After two rounds of dress-up, I realized I just wanted to wear sweatpants and a hoodie.
Since I already rounded up my favorite outfits from 2014, here’s a similar list of non-outfit posts, in no particular order. Sometimes my more substantive posts get buried under all the outfits, so it’s nice to go through them and remember what I was thinking about throughout the year.
1.) Another thing I’m sick of: blaming fat women for our lack of clothing options. This one was especially popular, mostly because it was featured on WordPress’ Freshly Pressed (yay!).
Here are a few things that didn’t make it into my 2014 Year in Review post. In 2014, I:
-Started participating in the Alternative Curves blog hop, and joined its Facebook group. It’s been great to find my niche with other plus size bloggers who enjoy punky, goth-y, costume-y, and otherwise quirky fashion. Looking for that niche was the very reason I started this blog! I’m especially excited for this upcoming month’s theme, Riot Grrl Heroines, as well as June’s (’90s Mall Witch) and August’s (Japanese Streets).
-Joined another fashion-niche FB group, the Glitterati, for people who subscribe to Crown and Glory’s monthly subscription box (which is always awesome and full of shinies). It’s fun to connect with other people who love sparkly things as much as I do. And I got Leah into C&G too, woohoo!
-Even as I joined more groups and connected more with the fatshion world, I also felt left out, as people have increasingly moved to Instagram. I don’t have a smart phone and don’t plan to get one anytime soon, so there’s a whole social network I can’t be part of, and it feel like that’s where everything’s happening these days. It’s also frustrating seeing so many lists of “top ten bloggers!” “best 20 outfits!” and knowing that I never even had a chance to make the list, because they’re all pulled from Instagram. (I know, I know, I’m not in this for the recognition–but sometimes recognition is nice.)
-Read 30 books by women of color.
-Participated in a Curvy Yoga workshop at a yoga retreat in Western Massachusetts. Anna Guest-Jelley is just as wonderfully body-positive in person as she is on her blog, and it was so powerful to do yoga with a room full of fat women, moving our bellies out of the way without shame. I hope to have more opportunities for movement with other fat people in the upcoming year.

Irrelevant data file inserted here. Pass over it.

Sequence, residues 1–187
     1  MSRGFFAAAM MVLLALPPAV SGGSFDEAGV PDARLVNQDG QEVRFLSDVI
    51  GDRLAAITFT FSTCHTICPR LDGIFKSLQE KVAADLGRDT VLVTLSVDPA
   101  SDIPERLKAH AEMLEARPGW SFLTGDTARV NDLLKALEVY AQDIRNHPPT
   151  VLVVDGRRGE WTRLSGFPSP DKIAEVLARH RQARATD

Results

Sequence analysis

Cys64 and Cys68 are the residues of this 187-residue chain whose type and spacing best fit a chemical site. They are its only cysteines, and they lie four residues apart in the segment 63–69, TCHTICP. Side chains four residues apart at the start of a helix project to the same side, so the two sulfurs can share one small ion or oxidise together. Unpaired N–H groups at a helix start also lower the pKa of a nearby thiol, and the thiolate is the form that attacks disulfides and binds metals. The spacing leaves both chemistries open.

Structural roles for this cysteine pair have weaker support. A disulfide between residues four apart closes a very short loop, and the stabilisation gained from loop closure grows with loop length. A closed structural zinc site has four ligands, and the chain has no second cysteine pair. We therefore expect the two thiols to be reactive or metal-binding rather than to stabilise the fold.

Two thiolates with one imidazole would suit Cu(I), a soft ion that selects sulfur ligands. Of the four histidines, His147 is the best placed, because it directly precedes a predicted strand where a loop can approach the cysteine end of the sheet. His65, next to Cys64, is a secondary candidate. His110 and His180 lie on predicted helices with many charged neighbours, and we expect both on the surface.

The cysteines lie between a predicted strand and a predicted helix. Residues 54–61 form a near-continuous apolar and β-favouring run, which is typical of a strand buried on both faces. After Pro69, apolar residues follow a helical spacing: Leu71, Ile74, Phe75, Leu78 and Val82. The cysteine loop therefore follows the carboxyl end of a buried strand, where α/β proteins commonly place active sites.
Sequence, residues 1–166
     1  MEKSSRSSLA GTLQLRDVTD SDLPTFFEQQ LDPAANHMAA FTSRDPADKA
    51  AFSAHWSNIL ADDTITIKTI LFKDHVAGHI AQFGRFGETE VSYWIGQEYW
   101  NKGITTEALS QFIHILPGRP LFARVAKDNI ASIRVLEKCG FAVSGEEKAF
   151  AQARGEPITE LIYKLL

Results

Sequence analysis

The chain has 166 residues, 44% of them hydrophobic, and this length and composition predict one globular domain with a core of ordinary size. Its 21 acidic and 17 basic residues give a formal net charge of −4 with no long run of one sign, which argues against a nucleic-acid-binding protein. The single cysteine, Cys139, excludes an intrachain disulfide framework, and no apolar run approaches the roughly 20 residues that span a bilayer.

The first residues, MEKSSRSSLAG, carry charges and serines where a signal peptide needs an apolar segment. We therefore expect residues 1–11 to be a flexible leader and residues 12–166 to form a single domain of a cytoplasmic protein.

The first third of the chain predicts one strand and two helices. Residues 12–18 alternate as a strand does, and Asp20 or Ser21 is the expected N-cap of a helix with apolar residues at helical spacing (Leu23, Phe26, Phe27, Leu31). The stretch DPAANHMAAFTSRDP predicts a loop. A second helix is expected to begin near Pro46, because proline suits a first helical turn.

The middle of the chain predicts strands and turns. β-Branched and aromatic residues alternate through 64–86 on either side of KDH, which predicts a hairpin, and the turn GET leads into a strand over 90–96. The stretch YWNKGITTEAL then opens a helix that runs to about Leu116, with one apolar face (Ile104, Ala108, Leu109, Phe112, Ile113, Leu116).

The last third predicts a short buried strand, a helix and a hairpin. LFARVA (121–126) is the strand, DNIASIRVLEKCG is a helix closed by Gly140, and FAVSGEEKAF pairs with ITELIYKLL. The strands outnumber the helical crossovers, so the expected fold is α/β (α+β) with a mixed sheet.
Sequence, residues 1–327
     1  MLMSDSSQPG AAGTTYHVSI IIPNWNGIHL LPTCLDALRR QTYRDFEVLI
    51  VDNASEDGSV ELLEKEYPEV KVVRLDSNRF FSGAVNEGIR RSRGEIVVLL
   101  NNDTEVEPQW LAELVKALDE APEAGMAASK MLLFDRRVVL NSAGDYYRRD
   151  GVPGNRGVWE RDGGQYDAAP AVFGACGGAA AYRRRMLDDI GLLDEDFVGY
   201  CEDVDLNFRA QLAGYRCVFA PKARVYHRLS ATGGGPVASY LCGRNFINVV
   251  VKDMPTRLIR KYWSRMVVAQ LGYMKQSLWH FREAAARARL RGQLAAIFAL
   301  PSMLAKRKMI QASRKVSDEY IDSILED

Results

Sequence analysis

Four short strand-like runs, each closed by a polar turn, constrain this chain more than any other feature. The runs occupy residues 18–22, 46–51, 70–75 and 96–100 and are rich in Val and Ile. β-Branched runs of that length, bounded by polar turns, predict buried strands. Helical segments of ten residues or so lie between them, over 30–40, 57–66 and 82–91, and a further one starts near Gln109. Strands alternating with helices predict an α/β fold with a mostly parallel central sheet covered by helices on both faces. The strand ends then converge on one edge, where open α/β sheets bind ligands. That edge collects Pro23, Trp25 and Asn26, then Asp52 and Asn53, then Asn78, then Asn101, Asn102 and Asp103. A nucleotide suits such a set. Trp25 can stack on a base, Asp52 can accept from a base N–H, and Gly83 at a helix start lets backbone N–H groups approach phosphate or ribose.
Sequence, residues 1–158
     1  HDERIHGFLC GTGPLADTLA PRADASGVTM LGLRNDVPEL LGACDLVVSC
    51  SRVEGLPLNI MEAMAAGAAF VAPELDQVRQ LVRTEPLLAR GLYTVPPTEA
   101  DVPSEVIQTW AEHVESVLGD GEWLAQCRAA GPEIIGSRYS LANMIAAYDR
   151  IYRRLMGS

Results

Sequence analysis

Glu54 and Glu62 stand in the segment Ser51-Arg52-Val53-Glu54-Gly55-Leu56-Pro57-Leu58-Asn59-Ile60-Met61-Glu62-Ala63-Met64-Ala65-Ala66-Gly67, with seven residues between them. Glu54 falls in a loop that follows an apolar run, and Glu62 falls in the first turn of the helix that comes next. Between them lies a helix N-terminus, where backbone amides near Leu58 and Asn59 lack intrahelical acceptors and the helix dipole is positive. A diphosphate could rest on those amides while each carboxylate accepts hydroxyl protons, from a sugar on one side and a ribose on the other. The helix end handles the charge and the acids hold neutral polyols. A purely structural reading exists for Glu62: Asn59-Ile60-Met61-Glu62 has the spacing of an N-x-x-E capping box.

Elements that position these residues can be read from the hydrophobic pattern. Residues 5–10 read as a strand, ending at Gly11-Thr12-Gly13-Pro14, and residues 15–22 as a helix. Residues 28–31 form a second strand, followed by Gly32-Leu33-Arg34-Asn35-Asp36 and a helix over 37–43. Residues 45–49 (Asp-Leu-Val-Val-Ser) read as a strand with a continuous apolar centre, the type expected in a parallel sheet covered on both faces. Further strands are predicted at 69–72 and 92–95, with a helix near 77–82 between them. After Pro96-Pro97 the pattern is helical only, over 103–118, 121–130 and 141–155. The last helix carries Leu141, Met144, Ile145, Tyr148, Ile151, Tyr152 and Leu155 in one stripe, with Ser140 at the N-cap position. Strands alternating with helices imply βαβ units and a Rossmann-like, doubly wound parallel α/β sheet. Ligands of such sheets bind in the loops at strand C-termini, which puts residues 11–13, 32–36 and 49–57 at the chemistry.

Inspired by Victoria Law’s decision to read 50 books by people of color in 2014, I decided to do a similar challenge: 25 books by women of color (which turned into 30). I’m happy to report that I read some really awesome books, and found many authors whose work I’d like to read more of.
I’ve organized the books I read by genre, as Victoria did in her summary post. If you have book recommendations, leave them in the comments! I’m not sure whether I will do another challenge for 2015, but either way I would like to continue reading more books by people of color, especially women and queer poc.
– Ninth Ward by Jewell Parker Rhodes
– Redemption in Indigo by Karen Lord
– Brown Girl in the Ring by Nalo Hopkinson
– Parable of the Sower and Parable of the Talents by Octavia Butler
Two novels about a young black woman who lives in a near-future climate change dystopia and founds her own religion. I loved the first book, but felt the sequel wasn’t as good for many reasons. (For example: the first book came out in 1993, but feels like it could have been written yesterday, whereas the second book was published in 2000 and feels rather dated in its focus on the dangers of fundamentalist Christianity.) Both books are absorbingly written, but incredibly bleak–I recommend reading them only if you’re in the right head-space to process a never-ending string of loss and trauma.
–Ash by Malinda Lo
– Redefining Realness: My Path to Womanhood, Identity, Love & So Much More by Janet Mock
Janet Mock is awesome. That is all.
– Crazy Brave: A Memoir by Joy Harjo
Joy Harjo is also awesome. Seriously, you need to read this book.